PHILOSOPHY: On the Subject of Freebies

Everyone starts out working for free. That’s the only way those in the industry can find out whether you’re any good. At some point, though, it’s important to stop–or at least be more selective.

Everyone starts out working for free. That’s the only way those in the industry can find out whether you’re any good. At some point, though, it’s important to stop–or at least be more selective.

Over the years I’ve shot a number of freebies. Early in my career I did this for experience: film school was great for theory but told me nothing about how the real world worked, and the only way to learn that aspect of the business was to work in the real world. The problem, though, is that if you have no experience no one will hire you.

So how do you get experience?

You work for free. For a little while.

The hope is that you’ll pick things up quick enough and well enough that those you work with will remember you for paid gigs. This is one of the best ways to break into the business as crew will almost never hire anyone they haven’t worked with, or that no one they know has worked with. Sets can be high-stress environments with no room for mistakes, and that kind of temperament and ability can’t be judged off a resume… unless that resume is full of names recognizable to the person reading it. Then they have a way of checking up on that person.

If you worked with that person on a freebie and they say good things about you… you’re in. You’ll be on the bottom rung, but that’s better than not being on the ladder at all.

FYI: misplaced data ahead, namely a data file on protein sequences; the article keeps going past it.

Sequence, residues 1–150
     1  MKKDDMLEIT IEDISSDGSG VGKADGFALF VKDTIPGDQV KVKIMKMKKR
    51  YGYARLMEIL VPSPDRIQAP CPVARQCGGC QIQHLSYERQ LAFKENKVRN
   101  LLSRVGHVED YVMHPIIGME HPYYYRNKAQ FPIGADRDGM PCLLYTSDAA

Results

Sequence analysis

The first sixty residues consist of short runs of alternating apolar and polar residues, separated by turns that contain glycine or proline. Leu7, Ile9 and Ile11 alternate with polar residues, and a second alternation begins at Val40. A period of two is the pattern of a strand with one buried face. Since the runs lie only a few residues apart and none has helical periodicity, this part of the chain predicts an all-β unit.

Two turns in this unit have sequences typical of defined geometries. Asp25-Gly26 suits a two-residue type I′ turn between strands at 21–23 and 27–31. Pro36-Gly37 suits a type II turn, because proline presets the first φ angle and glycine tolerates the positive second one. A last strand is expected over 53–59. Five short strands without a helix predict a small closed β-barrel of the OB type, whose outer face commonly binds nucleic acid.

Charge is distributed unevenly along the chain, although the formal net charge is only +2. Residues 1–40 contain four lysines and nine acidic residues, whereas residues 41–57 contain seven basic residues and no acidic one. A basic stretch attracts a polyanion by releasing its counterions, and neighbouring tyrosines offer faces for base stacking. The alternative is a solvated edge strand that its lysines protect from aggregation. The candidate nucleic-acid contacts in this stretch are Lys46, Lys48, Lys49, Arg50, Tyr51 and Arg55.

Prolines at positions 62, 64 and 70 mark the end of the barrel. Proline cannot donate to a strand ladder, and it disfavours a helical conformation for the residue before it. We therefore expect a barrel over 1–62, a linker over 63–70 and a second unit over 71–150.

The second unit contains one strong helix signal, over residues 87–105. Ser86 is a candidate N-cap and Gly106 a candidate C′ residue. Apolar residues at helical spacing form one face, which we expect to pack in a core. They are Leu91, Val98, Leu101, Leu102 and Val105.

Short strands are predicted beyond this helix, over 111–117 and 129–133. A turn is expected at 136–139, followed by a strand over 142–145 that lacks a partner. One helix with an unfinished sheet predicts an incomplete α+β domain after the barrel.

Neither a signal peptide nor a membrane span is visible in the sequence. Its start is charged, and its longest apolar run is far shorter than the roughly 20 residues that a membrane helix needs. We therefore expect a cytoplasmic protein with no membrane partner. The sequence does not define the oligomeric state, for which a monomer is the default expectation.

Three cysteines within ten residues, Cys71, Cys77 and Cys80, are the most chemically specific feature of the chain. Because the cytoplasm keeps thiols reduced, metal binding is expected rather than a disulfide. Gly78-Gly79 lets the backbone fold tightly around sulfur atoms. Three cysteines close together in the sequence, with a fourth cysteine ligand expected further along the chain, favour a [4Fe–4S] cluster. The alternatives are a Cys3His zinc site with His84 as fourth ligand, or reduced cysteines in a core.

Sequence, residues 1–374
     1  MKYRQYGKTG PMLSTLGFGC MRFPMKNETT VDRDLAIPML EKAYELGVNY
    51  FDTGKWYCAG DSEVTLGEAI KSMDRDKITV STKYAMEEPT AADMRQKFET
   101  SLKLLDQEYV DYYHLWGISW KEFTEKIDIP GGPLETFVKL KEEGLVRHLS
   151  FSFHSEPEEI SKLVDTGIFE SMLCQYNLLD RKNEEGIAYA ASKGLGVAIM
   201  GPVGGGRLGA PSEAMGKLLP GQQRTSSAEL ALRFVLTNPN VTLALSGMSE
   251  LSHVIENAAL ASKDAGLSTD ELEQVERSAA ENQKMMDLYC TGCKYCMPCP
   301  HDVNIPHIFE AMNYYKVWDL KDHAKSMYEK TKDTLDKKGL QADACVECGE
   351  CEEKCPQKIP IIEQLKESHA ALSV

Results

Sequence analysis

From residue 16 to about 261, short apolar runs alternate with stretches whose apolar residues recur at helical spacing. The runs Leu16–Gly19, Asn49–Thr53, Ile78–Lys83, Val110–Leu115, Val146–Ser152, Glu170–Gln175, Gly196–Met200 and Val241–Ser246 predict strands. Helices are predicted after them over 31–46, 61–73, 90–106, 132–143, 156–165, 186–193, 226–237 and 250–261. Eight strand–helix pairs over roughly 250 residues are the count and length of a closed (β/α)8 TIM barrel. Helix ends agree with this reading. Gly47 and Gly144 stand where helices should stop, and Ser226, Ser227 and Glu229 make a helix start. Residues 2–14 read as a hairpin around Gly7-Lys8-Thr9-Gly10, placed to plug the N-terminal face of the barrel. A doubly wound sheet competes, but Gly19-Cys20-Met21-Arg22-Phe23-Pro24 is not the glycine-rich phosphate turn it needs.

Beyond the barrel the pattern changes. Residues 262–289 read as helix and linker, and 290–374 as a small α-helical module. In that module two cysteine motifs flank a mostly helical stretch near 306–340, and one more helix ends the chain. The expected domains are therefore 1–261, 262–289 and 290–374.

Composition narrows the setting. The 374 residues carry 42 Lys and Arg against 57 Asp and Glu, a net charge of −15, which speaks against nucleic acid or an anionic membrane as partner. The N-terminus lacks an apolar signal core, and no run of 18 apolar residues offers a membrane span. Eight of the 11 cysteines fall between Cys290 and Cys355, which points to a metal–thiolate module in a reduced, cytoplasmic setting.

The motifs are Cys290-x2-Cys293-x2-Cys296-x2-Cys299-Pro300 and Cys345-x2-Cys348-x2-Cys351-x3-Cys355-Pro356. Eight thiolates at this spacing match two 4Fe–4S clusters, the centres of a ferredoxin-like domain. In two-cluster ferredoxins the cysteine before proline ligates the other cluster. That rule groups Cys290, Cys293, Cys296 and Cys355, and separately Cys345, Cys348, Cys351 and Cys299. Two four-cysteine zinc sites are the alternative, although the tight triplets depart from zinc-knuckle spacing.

This works well for technicians, like camera assistants. Crafts with an artistic bent take on a different slant: the assessment now includes a showreel. In some cases the showreel can get one past the “reference checking” process, but often the “freebie” rule still applies.

In my case, my closest relationship with anyone on the set is generally with the director, and the only way to discover whether we work well together is to shoot something whose outcome matters somewhat but isn’t going to cost anyone a career if it fails–the way a real shoot could.

I’ve done a lot of freebies with a lot of directors, and I’ve honed my criteria for doing these kinds of shoots over many years.

In the old days, when I was trying to break into the business, my criteria were:

(1) Will I learn something on this job that will help me get a better job?

(2) Will I make networking connections that will lead to future employment?

(3) Am I being obviously exploited, or is the exploitation subtle enough that I can fool myself that it doesn’t exist?

The risks for exploitation are high. Many will happily hire you to work on a project just because you’re the best they can get at the time; as soon as they get a real job, with real money, they’ll hire someone much more experienced. This happens more often than I’d like to admit, and I dealt with this a lot very early in my career (mostly in LA).

These days, as an established DP, my criteria are a bit different:

(1) Am I doing this project with someone who is likely to offer me paid work in the future, particularly if this project is successful?

(2) Am I getting something that I can add to my reel and expand what I can show potential clients?

I’m occasionally willing to take a chance with potential new employers because this is how they come to know you and trust you. Once they trust you they’ll bring you anywhere, but cracking the trust barrier is tough.